- Demonstrate the activity that they are going to do using the aquarium. Prior to class (or with the students if you have time), build a structure out of sand and/or clay on the bottom that simulates a river bottom or a lake bottom (you can also build structures like mountains and valleys). Fill it with water and then look at it from different perspectives. On the side, you can see underneath the water, on the top you can see the shape of the lake. Talk to the students about the different shapes that you see from these perspectives.
- Give learners plastic containers or foil turkey roasting pans and modeling clay.
- Demonstrate for the students how to use the clay to build models of mountains and valleys in the pan. You can also have them use small rocks or sticks to simulate large boulders, logs and trees.
- Using a glass of water, pour the water over the landscapes the students created. Talk about the shape of the water in their containers. Take an aerial view photograph of one or two of them. Print the photos out. Outline the shape of the water with the students and compare differences and similarities. You can also prop the containers up and pour water down the container to simulate a river.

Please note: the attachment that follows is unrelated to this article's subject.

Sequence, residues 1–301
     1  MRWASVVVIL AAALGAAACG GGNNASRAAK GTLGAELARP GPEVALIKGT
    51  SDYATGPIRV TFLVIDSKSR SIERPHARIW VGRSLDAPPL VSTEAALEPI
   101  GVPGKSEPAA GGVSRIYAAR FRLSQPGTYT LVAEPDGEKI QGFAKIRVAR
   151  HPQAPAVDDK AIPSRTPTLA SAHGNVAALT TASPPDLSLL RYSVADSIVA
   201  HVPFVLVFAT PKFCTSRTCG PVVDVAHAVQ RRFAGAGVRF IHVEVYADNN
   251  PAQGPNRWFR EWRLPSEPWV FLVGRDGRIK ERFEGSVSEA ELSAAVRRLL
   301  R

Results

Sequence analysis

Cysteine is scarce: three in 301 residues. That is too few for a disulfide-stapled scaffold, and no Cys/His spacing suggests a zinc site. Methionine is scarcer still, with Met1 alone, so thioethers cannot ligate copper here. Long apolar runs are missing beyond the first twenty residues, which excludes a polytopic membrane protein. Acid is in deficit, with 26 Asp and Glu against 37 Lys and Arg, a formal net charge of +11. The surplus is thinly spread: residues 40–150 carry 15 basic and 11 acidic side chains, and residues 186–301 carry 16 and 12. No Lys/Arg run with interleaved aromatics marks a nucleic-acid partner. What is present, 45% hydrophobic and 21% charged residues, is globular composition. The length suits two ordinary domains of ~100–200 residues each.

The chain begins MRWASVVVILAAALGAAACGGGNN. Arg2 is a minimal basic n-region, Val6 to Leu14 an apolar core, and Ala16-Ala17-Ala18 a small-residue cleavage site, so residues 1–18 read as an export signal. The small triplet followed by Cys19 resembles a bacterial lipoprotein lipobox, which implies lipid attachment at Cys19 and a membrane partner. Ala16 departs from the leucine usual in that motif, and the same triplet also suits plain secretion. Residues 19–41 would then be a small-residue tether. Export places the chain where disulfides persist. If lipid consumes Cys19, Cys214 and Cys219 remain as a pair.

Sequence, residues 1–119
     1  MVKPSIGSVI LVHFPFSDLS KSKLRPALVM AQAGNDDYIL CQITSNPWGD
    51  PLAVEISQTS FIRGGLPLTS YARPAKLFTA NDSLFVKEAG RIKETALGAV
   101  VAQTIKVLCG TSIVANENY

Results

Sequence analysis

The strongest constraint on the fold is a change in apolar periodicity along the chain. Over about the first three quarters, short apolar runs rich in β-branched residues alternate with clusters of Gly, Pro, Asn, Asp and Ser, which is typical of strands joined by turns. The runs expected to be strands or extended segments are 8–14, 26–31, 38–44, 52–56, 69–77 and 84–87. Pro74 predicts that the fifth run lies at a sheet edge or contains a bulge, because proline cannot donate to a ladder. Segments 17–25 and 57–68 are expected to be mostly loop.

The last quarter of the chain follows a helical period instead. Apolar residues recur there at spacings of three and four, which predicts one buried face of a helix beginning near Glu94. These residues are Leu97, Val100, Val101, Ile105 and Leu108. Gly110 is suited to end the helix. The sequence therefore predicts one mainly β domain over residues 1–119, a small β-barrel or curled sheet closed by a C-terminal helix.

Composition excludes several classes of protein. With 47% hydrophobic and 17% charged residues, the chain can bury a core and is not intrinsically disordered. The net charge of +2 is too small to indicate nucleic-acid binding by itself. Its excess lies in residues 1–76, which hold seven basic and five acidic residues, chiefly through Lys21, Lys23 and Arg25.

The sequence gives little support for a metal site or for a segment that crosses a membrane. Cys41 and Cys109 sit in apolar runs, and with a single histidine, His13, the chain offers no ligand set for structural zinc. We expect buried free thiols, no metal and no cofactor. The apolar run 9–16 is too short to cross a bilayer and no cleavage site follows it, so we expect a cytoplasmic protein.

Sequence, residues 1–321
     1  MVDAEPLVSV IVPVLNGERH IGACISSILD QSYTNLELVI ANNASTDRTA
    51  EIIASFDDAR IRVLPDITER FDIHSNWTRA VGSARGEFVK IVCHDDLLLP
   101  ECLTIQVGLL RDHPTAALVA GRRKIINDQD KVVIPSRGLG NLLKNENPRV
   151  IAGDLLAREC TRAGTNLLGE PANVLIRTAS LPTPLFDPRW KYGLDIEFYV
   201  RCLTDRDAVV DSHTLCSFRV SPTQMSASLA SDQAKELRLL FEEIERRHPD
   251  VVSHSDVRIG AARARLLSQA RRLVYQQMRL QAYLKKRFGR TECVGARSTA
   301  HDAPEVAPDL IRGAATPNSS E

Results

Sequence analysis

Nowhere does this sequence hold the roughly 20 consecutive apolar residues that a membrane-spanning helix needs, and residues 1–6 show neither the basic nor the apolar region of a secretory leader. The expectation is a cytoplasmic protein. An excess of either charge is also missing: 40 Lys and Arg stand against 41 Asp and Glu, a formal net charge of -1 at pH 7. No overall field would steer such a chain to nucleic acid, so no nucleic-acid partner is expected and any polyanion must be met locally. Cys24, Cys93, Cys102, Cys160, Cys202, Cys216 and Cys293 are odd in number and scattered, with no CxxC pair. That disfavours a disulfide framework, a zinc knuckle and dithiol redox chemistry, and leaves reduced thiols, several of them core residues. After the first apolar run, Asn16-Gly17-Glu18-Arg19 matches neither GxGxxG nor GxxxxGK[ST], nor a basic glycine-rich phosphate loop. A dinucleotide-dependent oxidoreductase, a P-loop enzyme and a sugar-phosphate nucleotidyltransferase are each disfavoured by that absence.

- Talk with them about the different shapes the water makes because of the way their clay is modeled and relate it to different landscapes around them.
For children who are less cognitively developed or might need some help with their fine motor skills, you can have a few landscapes already made for them out of clay or sand, and ask them instead to place rocks and or obstacles in the landscape for the water to flow around.
Students who are more advanced learners can explore with making different types of riverbeds, or other bodies of water like lakes or oceans. They can also explore with sticks or pieces of cardboard to make dams or to divert the flow of the water. Discuss how changes in land or structures such as dams transform water. Rivers can become lakes; falls in rivers can change into flat water. Bring up the notion that humans can transform the shape of water when they build dams or move the earth around.
Between the ages of 2-5, children are developing spatial awareness related to their experiences with their bodies and their surroundings. Giving children experiences with space in different contexts will help them to develop a better understanding of the size of objects in relation to other objects, and spatial awareness in regards to position. Using language like “behind the tree, next to the rock, on top of the box, etc.” will help them to develop their spatial awareness further (Poole, Miller & Church, 2014).